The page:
Social Security (SS) taxes and other income are deposited into the trust fund accounts, and SS benefits payout from them. The only purpose for which these trust funds are used is to pay benefits and program administrative costs.
The Social Security Trust Fund’s Problem
Jeff Martin, CRPC®, Financial Advisor
The Old Age and Survivors Insurance (OASI) benefits, known as Social Security, pay retirement and survivors benefits through The Social Security Trust Fund. The U.S. Social Security Administration oversees this fund. Social Security (SS) taxes and other income are deposited into the trust fund accounts, and SS benefits payout from them. The only purpose for which these trust funds are used is to pay benefits and program administrative costs.
The Trust Fund’s Problem
The fund faces insolvency with fewer SS payroll taxes collected due to a declining workforce and longer life expectancy. With less collected, The Social Security Administration has been spending more on benefits than bringing in from payroll taxes.
Initially designed for retired workers and survivors, the program's funds depletion date is 2035. For Americans that will retire after 2035, the future of receiving their projected full retirement monthly benefit looks bleak. The Social Security Administration estimates the ability to pay 77% of promised benefits at that time. Here is Social Security's present situation:
· $2.6 Trillion in the fund earning 2.3% in Special Treasuries (redeemable at face value like cash)
· Currently Supports 50 Million beneficiaries through 150 Million workers paying social security payroll tax.
· Inability to borrow funds to pay obligations. Benefits only payable out of reserves and current payroll tax inflows (UNDER CURRENT LAW)
· By 2032 - 2037 (without changes), the Reserve is estimated to be exhausted.
The Social Security Administration continues to sell Treasury bonds to keep the fund afloat. However, the fund will significantly deplete in the next twelve years. Some proposed solutions from the fund's board of trustees include:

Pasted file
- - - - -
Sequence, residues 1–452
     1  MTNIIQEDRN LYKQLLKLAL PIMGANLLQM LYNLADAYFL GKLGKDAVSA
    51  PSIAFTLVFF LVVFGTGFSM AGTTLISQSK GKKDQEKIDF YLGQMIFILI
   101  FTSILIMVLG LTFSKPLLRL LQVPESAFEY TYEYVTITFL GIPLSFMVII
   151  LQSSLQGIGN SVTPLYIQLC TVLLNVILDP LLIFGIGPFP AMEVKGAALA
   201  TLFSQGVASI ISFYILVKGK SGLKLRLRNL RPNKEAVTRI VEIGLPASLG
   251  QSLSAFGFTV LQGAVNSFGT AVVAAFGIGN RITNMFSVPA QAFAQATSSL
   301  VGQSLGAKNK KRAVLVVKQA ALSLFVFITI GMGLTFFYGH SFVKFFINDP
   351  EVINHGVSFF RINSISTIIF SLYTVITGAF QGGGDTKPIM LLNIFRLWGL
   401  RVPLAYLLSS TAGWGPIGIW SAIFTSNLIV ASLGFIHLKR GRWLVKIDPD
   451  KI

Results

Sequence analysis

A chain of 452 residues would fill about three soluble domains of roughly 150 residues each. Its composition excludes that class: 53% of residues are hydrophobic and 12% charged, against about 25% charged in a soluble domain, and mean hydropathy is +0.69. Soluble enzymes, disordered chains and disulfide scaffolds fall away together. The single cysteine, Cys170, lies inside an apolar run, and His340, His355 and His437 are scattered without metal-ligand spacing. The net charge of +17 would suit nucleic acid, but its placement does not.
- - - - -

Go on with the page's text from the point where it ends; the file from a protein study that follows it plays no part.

· Increasing payroll taxes to help fund the Social Security program.
· Reducing or eliminating annual increases in Social Security payments
· Increasing the full retirement age from 67 to 69.
· Increasing the required number of years participants must work before receiving Social Security retirement benefits.
The 2023 OASDI tax rate is 6.2% each for employers and employees; self-employed individuals pay the full 12.8% themselves. The tax is collected on wages up to $160,200.
A poll conducted by Gallup found that 38 percent of working U.S. adults thought Social Security would be a significant source of their income. Today, 57 percent of retirees rely on Social Security as their primary source of income. Here are additional strategies to help you get the most out of your Social Security Retirement Benefits:
- Work 35 or more years and earn a higher salary year after year.
- Do not claim Social Security retirement benefits until your full retirement age.
- Use a Social Security spousal benefits strategy.
- Maximize Social Security survivor benefits and claim survivor benefits for your children.
- Estimate your longevity before taking Social Security Retirement benefits.
Those retiring after 2035 must rely more on other retirement savings and less on their Social Security retirement benefits. Here are some ways to help you save for retirement:
· Participate in your employer's retirement savings plan and contribute enough to receive the match.
· Automate your retirement savings contributions to increase yearly to maximize your savings.
· Contribute to a Traditional or Roth IRA and invest in stocks, bonds, real estate, mutual funds, and other strategies in addition to your employer’s retirement savings plan.
· Work with a financial professional to help you plan for retirement and evaluate your current retirement savings, goals, and timeline.
Whether Social Security retirement benefits are available at the current levels or not, planning for your future is essential.